CRA: How Are We Doing?
PCi's annual CRA and Fair Lending Colloquium was the place for discussing where CRA has taken the banking industry and where the industry should head in the future. Much has been accomplished, but there remains much to do.
A speaker from the Neighborhood Housing Services drew an analogy of CRA evolution to that of the Peace Corps. The first step in the low- and moderate-income neighborhoods was credit starvation. Either no credit was available or what was available was on unreasonable and unaffordable terms.
Now, these neighborhoods have access to credit but malnutrition is the issue. The problem is the quality of credit that is out there. Too much of it comes from predatory lenders - tempting consumers with the credit equivalent of tasty snacks at the cost of good nutrition.
Today's CRA programs should be designed to deal with the credit quality issues. To do this, he recommended some changes in how we look at CRA. Simply looking at whether or not an institution made loans in an area should not be the end of the analysis. We should also be looking at the quality of credit.
CRA examinations should include evaluations of sub-prime loans and give close attention to whether any predatory lending is occurring. He took the additional step of suggesting that examiners look at whether customers borrowing on sub-prime terms could be up-qualified to prime credit. Needless to say, the 2004 HMDA information will provide interested parties with the rough tools to begin this type of analysis. Expect interest groups to perform data analysis to compare rates and terms by neighborhood and by race or ethnicity.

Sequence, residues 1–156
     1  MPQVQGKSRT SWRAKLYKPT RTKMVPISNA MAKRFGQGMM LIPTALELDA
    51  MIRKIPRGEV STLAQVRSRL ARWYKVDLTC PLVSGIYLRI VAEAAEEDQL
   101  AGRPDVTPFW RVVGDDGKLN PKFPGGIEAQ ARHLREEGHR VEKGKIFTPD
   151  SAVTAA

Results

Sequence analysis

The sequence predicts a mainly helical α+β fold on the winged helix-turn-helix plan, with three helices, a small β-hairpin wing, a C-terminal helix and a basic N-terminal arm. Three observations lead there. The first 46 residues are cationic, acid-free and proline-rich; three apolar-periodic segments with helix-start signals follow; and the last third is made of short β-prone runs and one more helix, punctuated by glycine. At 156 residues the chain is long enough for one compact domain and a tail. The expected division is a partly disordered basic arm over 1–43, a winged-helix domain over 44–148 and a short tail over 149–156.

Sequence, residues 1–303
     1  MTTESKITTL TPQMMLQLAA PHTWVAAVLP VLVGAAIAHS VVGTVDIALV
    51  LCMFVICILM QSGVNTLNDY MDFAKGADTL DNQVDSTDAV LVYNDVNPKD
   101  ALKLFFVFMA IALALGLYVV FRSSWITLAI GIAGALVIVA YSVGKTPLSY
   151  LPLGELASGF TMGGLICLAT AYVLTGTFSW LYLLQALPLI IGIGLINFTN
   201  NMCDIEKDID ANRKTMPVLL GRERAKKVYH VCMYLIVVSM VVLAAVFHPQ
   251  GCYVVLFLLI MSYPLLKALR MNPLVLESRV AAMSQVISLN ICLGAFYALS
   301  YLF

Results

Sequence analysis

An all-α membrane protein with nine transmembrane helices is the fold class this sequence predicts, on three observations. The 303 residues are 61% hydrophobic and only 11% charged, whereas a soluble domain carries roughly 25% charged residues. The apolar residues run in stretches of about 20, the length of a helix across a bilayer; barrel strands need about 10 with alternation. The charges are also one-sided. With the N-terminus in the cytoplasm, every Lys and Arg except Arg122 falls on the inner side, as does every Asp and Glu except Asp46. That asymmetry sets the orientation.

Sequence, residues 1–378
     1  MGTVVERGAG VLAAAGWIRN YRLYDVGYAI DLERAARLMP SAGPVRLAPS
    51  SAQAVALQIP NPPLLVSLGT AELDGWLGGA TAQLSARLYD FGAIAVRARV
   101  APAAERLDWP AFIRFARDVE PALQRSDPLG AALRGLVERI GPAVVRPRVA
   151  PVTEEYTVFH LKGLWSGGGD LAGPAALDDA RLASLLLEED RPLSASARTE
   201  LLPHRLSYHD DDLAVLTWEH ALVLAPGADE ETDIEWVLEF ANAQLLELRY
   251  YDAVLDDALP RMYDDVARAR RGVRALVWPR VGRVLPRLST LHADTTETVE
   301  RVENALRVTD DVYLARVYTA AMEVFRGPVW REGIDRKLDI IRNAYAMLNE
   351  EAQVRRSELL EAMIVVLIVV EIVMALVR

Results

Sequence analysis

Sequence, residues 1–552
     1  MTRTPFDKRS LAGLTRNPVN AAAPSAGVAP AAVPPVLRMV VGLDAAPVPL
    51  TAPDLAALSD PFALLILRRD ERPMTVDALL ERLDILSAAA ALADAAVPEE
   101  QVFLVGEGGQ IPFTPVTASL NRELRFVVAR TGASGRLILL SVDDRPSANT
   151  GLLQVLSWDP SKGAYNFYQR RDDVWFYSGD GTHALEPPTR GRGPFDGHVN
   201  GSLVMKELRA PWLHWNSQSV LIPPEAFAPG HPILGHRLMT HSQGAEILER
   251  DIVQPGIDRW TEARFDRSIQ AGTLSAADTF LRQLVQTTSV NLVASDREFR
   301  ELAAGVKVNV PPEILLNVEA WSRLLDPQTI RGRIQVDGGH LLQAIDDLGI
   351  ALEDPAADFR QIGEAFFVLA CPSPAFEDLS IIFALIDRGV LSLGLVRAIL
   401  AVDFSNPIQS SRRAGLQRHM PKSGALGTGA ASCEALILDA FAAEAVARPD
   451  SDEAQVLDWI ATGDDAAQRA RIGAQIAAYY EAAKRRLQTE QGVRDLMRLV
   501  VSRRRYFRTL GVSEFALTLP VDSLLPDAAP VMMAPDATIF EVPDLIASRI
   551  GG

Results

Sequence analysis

The consumer advocacy groups are also urging that the scope of what is reviewed in the CRA examination be expanded. They believe that the examiners should look at the entire holding company, particularly mortgage lending affiliates, to draw a picture of the entire company's performance of meeting community credit needs. This is based in part on some concern that lending that is inconsistent with CRA's purposes, such as high end lending and predatory lending, may be funneled through an affiliate to make the bank's performance appear solid.
Copyright © 2004 Compliance Action. Originally appeared in Compliance Action, Vol. 8, No. 14, 1/04
First published on 01/01/2004